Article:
. He retired from active duty on May 22, 1897, and died in Washington, D.C., on January 2, 1900. A copy of his unpublished memoirs, Reminiscences of Zenas R. Bliss, is housed in the Barker Texas History Center at the University of Texas at Austin The walls of the buildings at Camp Hudson were constructed of a mixture of gravel and lime.
The process was slow, but it made the buildings cool in summer and warm in winter. In 1859 one of the experimental camel caravans of camels  from Camp Verde passed through Camp Hudson. The troops left on March 17, 1861, for service in the Civil War. In 1866 the post office closed(above new Andrea , a metal model but food for thought as regards plastic conversion). In late October 1867 a stage from Camp Hudson to Fort Stockton was ambushed by Indians, and two military escorts were killed. In November, immediately after the stage attack, companies D and G of the Ninth Cavalry were ordered to Camp Hudson. By April 1868 other troops had returned to the area.
In April 1871 Camp Hudson was reorganized with three commissioned officers and sixty enlisted men. In March 1876 Lt. Col. George Pearson Buell came to Camp Hudson from Fort Concho with two companies of cavalry. Under his leadership, the post was to be used as a summer camp to protect newly arrived settlers. The troops at Camp Hudson fought with Indians on several occasions and sometimes followed them into Mexico. In April 1876 Lt. Louis Henry Orleman was sent to Camp Hudson to take command of Company B of the Tenth Cavalry. In January 1877, however, Camp Hudson was permanently closed because the threat of Indian attacks no longer existed. In 1936 The Texas Historical Commissionqv placed a centennial marker at the site of Camp Hudson. By the 1980s no buildings stood on the private property where the camp was once situated.The post was evacuated during the Civil War, but, re-occupied afterwards. It was abandoned again in April, 1868. Unfortunately, there are no remains today. This area, also called Baker's Crossing is a popular entry point for rafters along the river.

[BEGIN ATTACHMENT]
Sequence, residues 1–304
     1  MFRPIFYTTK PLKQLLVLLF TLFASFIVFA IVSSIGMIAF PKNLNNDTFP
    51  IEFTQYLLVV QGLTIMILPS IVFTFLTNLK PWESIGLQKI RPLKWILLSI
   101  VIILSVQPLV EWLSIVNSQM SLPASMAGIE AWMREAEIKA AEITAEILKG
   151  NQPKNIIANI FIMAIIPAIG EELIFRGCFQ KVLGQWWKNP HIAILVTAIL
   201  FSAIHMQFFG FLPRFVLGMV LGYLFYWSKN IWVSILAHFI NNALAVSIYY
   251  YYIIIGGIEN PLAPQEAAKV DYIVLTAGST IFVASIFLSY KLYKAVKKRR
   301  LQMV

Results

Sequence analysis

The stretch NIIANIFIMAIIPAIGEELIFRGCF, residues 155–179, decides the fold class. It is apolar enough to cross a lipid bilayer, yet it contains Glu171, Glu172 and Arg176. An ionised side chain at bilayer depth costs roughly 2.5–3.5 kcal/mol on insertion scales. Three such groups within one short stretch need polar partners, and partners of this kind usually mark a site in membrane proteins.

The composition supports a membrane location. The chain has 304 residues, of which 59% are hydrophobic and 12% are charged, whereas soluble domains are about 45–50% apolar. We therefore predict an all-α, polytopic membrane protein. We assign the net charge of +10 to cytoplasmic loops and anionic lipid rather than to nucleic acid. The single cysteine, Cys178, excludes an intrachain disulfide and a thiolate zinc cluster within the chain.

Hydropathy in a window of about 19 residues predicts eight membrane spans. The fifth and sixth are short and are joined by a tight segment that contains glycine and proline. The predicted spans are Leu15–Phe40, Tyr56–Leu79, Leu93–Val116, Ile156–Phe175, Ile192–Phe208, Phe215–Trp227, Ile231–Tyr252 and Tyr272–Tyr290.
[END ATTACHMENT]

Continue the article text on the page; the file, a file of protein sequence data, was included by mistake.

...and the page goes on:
great, lost Hill Country river, a spring-fed jewel on the western edge of the Edwards Plateau, running swift and fast through that vague badlands where Tamaulipan scrub -- also known as South Texas brush country -- fades into the Chihuahuan Desert,File:FouquieriaSplendens 2006 BigBend.jpg from somewhere between Ozona and Sonora down to just above Del Rio, where it dissolves into Lake Amistad.
 Its almost-Caribbean hue is striking, as pretty pale as a summer sky. The water brimming with smallmouth bass you could follow with your eyes, the clarity was so sharp.

The Devils lives up to its name. It is almost impossible to see, landlocked by sprawling ranches whose owners have been known to vigorously file trespassing charges and sometimes take even more extreme measures to discourage river use by outsiders.
 It is wild, empty country. Spotting wild turkeys is easier than spotting another human.
The first European to note the Devils' existence, the Spaniard Gaspar Casta–o de Sosa, was not exactly impressed. He named it the Laxas, which translates as "feeble" or "slack." Explorers and travelers who followed him held it in higher regard, naming it the San Pedro, and often lingering longer than planned, since it was the last rest stop before striking out west across the desert.
 St. Pedro struck Texas Ranger Jack Hays as an uninspired name for the river when he came upon it in the 1840s, before he moved on to California. He reckoned the Devils would be a more suitable title. A military camp had been established on the river after the Mexican War. Another Texas Ranger, Capt. Pat Dolan, arrived to clear the region of outlaws in 1870, early enough to have his name attached to the falls.
That made it safe for E.K. Fawcett who, along with a group of friends, left his mark inside a cave above Dolan Falls on July 24, 1883. As the Devils' first settler, Fawcett started grazing sheep by the falls, and others followed with goats and cattle. Eventually the grasses in the watershed were worn down to the nub, leaving rocks, prickly pear, cedar, mesquite and the occasional lechuguilla. 

owsing down explained why I heard but a single calf on the trip. Not much is left for today's livestock to eat

No comments:

Post a Comment